From Welcome Aboard to All the Best: An Insider’s Guide to Effective Exit Interviews

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From Welcome Aboard to All the Best: An Insider’s Guide to Effective Exit Interviews

The key to unlocking your company’s potential lies in the hands of your departing employees.

As soon as an employee hands in their two-week notice, a new hiring process begins. While you’re mired in crafting job postings, evaluating potential candidates, and identifying the next star addition to your team, have you considered the final contribution a departing employee can make? Probably not. The answer is: participating in exit interviews.

Don’t take exit interviews the wrong way; they are not some corporate trick that companies use to squeeze every last drop out of their employees before they leave. Simply put, an exit interview is a meeting between an employee who is leaving the company and a representative of the Human Resources (HR) department. If done correctly, an exit interview can shed light on the whys and wherefores of staff leaving, reveal internal challenges, improve employee retention and guide the business towards improving the workplace culture for current and future team members.

If the above has turned off your light bulb about holding on to exit interviews and you happen to have been given two weeks’ notice lately, this HR best practice guide to effective exit interviews is for you.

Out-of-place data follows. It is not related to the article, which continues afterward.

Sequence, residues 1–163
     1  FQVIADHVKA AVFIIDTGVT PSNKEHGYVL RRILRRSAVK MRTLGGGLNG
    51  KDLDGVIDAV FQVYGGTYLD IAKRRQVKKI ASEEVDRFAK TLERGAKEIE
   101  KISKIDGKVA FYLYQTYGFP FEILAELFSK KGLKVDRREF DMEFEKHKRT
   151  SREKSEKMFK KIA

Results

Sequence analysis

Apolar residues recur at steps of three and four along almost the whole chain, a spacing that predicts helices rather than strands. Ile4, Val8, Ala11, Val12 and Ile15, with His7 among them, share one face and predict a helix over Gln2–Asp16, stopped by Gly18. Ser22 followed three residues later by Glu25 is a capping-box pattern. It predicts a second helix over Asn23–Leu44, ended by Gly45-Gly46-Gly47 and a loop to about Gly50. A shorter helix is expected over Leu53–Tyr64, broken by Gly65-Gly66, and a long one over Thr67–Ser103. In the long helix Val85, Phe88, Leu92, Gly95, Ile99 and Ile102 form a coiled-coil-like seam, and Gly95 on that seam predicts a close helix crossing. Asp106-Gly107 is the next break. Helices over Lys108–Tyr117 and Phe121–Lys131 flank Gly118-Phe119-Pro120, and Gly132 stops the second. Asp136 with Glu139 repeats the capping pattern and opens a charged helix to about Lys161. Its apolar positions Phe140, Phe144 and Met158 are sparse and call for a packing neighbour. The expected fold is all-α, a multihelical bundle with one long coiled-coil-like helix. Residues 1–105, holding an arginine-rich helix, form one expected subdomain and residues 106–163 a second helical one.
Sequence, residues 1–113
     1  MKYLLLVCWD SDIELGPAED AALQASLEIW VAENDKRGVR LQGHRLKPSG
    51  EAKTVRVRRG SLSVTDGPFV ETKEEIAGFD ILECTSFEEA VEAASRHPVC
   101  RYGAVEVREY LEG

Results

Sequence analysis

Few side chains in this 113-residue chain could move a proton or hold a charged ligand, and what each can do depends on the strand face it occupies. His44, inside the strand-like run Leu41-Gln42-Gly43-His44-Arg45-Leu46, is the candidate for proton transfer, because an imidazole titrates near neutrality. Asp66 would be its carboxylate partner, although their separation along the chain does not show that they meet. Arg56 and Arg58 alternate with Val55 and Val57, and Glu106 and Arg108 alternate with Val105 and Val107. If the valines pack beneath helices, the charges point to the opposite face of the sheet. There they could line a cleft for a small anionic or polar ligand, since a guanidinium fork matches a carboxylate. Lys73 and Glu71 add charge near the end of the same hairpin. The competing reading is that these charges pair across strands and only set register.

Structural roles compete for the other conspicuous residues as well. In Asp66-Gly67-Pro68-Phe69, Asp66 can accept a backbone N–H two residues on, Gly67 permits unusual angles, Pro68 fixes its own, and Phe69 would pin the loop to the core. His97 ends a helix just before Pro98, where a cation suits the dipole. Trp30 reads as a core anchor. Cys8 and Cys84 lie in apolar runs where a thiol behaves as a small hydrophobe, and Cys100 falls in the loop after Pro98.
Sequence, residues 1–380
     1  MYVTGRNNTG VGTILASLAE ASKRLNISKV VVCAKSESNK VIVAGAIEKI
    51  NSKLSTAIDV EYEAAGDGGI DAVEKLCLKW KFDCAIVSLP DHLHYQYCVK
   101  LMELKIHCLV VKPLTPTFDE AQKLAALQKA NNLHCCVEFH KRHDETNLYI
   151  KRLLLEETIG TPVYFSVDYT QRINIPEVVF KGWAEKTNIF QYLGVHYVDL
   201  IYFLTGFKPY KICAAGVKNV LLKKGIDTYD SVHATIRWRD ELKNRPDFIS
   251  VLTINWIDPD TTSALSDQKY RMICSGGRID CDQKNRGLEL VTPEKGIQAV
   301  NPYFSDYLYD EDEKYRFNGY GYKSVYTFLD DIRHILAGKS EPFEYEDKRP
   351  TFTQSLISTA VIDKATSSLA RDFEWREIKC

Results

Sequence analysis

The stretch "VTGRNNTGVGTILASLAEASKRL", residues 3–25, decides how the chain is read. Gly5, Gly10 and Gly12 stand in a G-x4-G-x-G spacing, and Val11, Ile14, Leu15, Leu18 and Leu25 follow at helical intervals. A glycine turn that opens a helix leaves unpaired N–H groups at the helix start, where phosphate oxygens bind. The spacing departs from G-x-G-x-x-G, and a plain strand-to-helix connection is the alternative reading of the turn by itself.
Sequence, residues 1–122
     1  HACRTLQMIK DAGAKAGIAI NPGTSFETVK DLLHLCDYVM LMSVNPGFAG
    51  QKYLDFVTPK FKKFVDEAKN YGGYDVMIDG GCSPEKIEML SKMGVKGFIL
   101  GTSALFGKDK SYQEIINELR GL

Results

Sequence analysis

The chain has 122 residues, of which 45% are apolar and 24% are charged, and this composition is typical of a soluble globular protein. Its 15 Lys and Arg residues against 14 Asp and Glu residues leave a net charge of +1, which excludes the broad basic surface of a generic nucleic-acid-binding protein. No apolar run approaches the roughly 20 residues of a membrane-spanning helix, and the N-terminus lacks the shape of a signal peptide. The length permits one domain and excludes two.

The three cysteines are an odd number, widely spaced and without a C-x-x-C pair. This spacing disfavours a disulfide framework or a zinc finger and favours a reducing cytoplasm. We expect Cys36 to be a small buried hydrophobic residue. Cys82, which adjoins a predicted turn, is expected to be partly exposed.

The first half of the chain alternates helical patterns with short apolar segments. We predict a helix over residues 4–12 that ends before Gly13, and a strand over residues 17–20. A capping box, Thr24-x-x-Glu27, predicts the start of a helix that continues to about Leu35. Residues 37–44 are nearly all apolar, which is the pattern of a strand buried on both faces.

Before an exit interview, remember to…

Schedule the interview at the right time

Since most employees give two weeks’ notice, exit interviews should be written about a week before they leave to ensure they are still engaged and willing to share their experiences both in their position and with the company as a whole.

However, some companies prefer to hold exit interviews after employees have left the company for a more casual, relaxed conversation. This gives employees more space to answer questions with zero stress about landing in hot water or inviting people over their words.

Prepare in advance

Each employee’s experience is unique, so even if you think you can conduct an exit interview in your sleep, it’s still important to plan ahead for each one individually. From choosing an interviewer and preparing interview questions to learning about the employee’s role and responsibilities and finding a conducive environment for the meeting, every step counts in the pursuit of an effective exit interview.

Leave the bosses out of the meeting

Whether the departing employee has a good boss or not, leaving senior employees out of the exit interview is a must. Since employees’ true thoughts may not be music to superiors’ ears, the involvement of a direct supervisor in the interview can make departing employees bite their tongues.

That’s why choosing the right interviewer is a crucial step. Instead of the line manager being the interviewer, it’s better to have an HR representative hold one-on-one meetings behind closed doors. In this way, employees can reveal their expertise without inhibitions.

During the interview remember to-

Explain the interview process

Before starting the conversation, explain to the employees the purpose and goal of the interview and how the information gathered will be used. If you have a written survey ready for employees to write their thoughts at the beginning or end of the meeting, give them a heads up. The most important thing is to make things as crystal clear as possible for employees so that they are not caught off guard by any arrangements they are not prepared for. Also, emphasize and reassure employees that what is discussed in the room will stay in the room only.